A degree in or experience with accounting doesn’t mean you have to have “accountant” as your title. The accounting field encompasses a variety of jobs across finance, analytics, business strategy and management. Those with accounting knowledge work in just about every industry, from banking to software to law enforcement.
With so many potential career paths, narrowing down your desired role or professional niche can be a challenge. That’s why it can help to start with the most popular accounting and accounting-related roles. Due to trends like increased tax law complexity, new regulatory requirements and digital transformation, certain positions are seeing an increase in demand. In this post, we’ll highlight five of the most sought-after careers in accounting, their related certifications and Surgent course materials that can help you pursue each career path.
5 accounting careers in demand
Auditors review and examine an organization’s financial statements, policies, procedures and transaction records to ensure they’re accurate, efficient and in full compliance with all applicable laws and regulations. An auditor is meant to be an unbiased, objective party that verifies an institution’s practices and financial documents, assesses potential risks and offers recommendations for process improvements. As the name implies, auditors are also responsible for conducting audits — formal, independent reviews of an organization’s financial records and practices.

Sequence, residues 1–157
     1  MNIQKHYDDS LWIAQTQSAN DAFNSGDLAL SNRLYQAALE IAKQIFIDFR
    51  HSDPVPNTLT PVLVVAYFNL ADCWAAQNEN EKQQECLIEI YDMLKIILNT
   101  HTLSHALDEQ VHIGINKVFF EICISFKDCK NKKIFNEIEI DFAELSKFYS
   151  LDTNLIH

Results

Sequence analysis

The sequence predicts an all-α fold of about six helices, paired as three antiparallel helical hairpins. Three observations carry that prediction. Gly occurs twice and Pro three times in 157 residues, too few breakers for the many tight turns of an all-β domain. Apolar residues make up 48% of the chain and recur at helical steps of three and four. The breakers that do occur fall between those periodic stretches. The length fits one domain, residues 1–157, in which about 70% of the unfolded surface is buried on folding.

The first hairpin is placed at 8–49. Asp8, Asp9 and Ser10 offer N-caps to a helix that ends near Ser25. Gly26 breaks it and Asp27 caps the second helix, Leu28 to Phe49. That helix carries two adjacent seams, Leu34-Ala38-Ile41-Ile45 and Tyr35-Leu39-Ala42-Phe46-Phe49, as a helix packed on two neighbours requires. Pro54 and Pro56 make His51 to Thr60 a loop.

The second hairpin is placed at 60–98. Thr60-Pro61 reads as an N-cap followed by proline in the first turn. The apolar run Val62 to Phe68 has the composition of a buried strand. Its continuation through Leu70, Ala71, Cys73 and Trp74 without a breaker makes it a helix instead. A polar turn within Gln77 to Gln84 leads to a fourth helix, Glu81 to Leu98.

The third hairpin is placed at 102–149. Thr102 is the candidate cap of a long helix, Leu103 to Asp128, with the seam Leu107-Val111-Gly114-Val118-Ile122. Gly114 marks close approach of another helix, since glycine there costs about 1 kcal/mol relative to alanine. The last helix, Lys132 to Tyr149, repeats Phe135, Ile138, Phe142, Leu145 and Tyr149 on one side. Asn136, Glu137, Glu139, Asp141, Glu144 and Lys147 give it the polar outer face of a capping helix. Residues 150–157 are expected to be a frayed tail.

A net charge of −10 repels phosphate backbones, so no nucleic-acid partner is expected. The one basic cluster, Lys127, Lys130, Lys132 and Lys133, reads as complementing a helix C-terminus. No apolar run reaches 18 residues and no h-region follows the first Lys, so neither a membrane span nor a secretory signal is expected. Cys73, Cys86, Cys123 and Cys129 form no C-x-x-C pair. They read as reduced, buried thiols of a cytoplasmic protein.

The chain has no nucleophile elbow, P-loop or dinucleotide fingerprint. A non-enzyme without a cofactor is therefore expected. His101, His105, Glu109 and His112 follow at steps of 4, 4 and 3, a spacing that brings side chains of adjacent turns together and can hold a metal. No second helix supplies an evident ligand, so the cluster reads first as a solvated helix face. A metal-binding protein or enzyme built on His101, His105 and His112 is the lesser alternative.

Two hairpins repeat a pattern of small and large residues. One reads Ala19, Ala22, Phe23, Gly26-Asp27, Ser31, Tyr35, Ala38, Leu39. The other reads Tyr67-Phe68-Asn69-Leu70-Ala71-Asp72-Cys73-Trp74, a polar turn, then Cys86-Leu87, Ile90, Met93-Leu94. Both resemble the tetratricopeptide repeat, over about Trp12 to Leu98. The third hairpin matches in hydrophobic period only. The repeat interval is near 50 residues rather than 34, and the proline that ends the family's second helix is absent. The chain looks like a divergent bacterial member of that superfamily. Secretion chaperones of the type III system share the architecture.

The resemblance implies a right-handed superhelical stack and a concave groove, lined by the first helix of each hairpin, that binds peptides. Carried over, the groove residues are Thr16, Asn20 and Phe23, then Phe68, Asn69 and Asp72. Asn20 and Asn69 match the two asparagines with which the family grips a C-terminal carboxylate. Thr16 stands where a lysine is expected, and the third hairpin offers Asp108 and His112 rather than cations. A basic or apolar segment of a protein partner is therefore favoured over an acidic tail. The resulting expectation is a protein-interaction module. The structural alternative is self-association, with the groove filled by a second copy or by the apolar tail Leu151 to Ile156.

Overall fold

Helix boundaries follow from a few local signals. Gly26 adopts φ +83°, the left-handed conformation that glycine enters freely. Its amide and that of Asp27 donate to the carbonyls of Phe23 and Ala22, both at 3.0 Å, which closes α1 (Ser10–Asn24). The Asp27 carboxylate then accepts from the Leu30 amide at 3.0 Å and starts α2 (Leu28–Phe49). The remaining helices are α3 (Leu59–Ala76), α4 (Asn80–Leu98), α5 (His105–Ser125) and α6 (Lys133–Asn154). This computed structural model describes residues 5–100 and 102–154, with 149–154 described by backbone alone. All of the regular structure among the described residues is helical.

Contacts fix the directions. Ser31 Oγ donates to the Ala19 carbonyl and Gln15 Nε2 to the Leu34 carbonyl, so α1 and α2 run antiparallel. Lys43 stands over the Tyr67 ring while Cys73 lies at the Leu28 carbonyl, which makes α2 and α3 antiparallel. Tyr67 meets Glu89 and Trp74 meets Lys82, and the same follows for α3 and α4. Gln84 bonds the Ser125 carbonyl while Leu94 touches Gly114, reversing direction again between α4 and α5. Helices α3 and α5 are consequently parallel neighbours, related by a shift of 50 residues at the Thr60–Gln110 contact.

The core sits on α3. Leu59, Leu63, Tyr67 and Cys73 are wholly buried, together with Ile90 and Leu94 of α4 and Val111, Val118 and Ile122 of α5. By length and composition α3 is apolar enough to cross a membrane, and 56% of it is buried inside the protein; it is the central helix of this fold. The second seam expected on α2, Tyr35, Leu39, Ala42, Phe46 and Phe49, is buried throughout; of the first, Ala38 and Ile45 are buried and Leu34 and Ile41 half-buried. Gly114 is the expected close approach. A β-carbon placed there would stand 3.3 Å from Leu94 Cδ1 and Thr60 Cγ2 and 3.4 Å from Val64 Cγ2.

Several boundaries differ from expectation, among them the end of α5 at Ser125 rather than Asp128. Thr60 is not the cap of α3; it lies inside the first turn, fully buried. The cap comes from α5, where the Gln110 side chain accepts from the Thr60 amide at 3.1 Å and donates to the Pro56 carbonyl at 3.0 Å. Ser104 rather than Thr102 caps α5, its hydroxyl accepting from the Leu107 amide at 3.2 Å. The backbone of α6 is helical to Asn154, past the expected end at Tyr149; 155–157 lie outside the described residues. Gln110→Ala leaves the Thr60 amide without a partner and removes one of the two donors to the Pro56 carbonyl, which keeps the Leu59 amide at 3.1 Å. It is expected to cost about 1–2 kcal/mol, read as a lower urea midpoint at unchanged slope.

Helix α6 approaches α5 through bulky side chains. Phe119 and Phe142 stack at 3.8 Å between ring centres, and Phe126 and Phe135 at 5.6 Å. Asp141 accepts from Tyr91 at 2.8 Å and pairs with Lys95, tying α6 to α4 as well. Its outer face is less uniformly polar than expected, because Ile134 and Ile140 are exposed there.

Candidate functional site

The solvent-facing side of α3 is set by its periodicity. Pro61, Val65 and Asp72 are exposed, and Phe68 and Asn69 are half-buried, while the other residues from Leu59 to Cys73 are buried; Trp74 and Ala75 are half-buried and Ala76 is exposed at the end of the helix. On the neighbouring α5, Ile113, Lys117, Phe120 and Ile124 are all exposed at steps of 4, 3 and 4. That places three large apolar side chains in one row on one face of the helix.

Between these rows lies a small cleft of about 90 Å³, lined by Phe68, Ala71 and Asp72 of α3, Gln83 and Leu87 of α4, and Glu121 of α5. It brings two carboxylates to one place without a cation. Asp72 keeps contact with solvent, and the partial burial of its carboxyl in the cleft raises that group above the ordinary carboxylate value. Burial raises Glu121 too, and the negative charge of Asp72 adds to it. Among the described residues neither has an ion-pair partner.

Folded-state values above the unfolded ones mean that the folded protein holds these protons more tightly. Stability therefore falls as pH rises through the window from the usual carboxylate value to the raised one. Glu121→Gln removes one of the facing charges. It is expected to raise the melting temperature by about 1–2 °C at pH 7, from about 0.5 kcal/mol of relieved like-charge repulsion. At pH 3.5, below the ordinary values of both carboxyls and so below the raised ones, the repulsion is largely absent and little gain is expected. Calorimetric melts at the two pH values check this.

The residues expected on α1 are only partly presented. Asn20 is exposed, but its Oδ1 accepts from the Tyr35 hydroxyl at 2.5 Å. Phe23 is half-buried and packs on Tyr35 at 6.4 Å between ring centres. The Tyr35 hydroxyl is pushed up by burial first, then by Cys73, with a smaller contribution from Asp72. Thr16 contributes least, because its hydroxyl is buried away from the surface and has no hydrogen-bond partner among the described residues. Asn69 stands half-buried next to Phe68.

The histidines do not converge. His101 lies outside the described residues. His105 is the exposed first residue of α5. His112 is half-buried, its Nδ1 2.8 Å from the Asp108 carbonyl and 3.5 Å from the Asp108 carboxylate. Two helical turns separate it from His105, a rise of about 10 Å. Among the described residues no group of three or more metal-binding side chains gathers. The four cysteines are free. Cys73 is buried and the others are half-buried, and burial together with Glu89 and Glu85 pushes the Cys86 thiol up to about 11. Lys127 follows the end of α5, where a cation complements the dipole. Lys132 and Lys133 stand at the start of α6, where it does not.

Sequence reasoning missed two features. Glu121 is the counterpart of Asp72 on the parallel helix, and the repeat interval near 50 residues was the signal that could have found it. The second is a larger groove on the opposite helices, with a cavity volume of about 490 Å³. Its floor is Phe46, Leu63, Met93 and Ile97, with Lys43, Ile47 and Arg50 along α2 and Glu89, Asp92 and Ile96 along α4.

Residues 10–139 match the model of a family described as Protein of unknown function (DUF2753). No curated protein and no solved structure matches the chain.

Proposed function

Auditors can be external or internal. External auditors typically work for public accounting firms and are hired by other organizations on a short-term basis. Internal auditors, on the other hand, work full time for a specific company, organization or government agency. In general, external auditors need to hold the CPA designation (more on that below) and often have a master’s degree in accounting, while internal auditors aren’t required to hold a degree or CPA license. However, many internal auditors chose to pursue Certified Internal Auditor (CIA) status, and potentially the Certified Fraud Examiner (CFE) designation.